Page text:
In this season of giving, what will you give yourself and your relationships? Is there a "stuckness" somewhere that could be freed up by finding your center and communicating in a new way with someone you love? Are you hiding? Or are you expecting someone to guess your feelings? Give them and yourself the greatest gift.
Check out my friend Judy Warner's book, From Chaos to Center
This is the fourth in a series of brief articles on holding difficult conversations. In September's Ki Moments, I suggested ways to open communications that create mutual respect. In October, we talked about the importance of knowing your purpose for the conversation, and in November, we added Inquiry and Curiosity to your conversational toolbox.
Today the Topic is Advocacy
Advocacy is the flip side of Inquiry - the opportunity that you open for yourself to tell your story. What can you see from your perspective that they've missed? Can you clarify your position without minimizing theirs? For example: "From what you've told me, I can see how you came to the conclusion that I'm not a team player. And I think I am. When I introduce problems with a project, I'm thinking about its long-term success. I don't mean to be a critic, though perhaps I sound like one. Maybe we can talk about how to address these issues so that my intention is clear."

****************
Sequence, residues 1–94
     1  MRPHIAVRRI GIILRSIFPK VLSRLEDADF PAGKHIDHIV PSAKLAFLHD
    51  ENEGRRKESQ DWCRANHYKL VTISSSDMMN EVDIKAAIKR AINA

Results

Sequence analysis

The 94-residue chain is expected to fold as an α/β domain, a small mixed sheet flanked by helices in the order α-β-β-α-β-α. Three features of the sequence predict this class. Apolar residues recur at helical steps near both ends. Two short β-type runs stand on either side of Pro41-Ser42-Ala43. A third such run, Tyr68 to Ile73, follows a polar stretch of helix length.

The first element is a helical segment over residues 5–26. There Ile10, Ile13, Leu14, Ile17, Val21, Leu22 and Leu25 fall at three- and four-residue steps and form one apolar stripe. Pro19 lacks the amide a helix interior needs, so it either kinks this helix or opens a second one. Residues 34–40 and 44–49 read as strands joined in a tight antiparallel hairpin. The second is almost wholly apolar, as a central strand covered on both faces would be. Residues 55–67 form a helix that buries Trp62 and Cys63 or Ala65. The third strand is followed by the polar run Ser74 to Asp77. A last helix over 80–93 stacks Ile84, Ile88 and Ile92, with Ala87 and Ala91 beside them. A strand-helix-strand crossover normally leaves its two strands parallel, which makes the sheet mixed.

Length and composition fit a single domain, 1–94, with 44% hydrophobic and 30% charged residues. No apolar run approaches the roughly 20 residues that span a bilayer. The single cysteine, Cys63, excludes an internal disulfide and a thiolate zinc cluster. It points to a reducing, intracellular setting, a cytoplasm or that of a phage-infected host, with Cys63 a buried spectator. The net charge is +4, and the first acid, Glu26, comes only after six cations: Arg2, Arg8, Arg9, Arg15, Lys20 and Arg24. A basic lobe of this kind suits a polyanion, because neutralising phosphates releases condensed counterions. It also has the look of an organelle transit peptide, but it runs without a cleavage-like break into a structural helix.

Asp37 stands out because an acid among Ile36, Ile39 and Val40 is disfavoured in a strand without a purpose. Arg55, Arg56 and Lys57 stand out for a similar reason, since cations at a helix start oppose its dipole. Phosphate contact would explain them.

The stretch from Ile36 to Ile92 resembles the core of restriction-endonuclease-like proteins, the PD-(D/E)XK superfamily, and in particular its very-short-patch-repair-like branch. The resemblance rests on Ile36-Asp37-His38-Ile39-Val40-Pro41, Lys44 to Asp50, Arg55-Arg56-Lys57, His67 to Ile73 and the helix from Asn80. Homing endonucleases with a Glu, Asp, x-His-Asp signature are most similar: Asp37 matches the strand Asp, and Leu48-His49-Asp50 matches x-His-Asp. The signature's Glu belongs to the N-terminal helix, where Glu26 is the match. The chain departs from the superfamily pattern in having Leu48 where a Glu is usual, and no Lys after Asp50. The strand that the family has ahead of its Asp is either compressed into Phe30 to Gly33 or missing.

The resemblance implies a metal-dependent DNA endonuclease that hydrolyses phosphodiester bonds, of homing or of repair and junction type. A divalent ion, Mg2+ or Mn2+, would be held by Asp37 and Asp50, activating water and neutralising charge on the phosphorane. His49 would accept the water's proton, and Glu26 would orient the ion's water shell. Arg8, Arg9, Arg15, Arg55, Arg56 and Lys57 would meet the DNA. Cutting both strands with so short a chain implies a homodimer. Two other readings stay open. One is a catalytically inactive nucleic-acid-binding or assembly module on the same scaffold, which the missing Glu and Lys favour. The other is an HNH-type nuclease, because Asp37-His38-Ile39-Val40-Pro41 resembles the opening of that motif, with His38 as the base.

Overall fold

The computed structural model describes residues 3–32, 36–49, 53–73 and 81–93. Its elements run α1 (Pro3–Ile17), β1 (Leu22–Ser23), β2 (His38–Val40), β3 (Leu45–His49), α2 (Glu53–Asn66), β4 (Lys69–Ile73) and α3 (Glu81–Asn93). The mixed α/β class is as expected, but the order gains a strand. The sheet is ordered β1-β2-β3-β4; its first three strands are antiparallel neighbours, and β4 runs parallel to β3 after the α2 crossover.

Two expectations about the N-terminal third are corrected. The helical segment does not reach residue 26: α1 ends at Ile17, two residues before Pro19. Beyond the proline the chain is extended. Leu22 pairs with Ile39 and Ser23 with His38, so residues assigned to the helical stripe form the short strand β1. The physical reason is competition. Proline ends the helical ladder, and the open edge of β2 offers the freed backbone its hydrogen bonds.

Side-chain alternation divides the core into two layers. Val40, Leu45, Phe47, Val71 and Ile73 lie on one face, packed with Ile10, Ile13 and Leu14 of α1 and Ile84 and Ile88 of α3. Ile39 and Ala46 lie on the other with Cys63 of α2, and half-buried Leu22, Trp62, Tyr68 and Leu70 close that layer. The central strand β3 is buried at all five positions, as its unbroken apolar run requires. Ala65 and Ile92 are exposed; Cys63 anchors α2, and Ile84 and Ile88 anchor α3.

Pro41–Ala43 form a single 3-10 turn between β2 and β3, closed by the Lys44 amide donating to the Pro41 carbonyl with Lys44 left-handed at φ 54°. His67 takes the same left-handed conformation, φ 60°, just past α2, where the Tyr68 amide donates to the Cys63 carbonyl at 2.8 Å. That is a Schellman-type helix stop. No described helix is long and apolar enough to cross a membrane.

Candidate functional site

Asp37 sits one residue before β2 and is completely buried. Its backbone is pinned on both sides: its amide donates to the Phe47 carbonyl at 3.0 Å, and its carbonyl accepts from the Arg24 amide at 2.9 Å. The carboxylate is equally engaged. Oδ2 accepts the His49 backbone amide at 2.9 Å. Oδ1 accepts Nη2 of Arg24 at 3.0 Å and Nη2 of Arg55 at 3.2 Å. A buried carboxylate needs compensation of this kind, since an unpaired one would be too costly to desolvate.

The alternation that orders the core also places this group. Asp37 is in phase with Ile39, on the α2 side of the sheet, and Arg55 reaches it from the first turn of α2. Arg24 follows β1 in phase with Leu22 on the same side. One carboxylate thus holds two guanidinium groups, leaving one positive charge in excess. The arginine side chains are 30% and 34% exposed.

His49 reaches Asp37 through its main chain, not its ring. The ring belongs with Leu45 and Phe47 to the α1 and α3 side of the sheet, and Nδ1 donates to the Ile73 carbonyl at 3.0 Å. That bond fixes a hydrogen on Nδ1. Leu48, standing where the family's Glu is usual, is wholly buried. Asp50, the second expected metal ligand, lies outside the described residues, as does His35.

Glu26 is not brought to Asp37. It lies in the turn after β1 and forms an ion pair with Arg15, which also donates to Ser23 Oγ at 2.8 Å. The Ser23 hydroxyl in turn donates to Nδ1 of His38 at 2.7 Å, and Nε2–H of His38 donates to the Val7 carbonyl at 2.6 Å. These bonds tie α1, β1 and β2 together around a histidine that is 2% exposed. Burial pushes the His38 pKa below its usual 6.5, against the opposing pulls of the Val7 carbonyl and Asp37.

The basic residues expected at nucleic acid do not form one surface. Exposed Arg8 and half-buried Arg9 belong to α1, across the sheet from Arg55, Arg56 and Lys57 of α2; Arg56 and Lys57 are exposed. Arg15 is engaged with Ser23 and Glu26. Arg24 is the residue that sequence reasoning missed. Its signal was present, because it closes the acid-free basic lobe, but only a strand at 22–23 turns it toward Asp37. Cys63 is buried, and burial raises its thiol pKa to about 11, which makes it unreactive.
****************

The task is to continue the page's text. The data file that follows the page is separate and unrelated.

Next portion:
Tips for sharing your side of things:
- Wait to offer your side until your partner has expressed all his energy on the topic. Check to make sure he's finished.
- Remember your purpose for the conversation. It's easy to get off on tangents, become reactive, and lose your way. Know and return to your purpose at difficult moments.
- Don't assume. When telling your story, go slow, be clear, and don't assume they know what things looks like from your point of view.
- Teach, don't preach. Notice your desire to "sell" your partner on your story. Simply state how things look from your side.
- Listen to yourself and try not to use words that will cause your partner to react defensively. You want him to listen, so use words that he can hear.
- Share facts rather than subjective interpretations. "When you walked by me and didn't say anything" is a fact. "When you ignored me" is a subjective interpretation.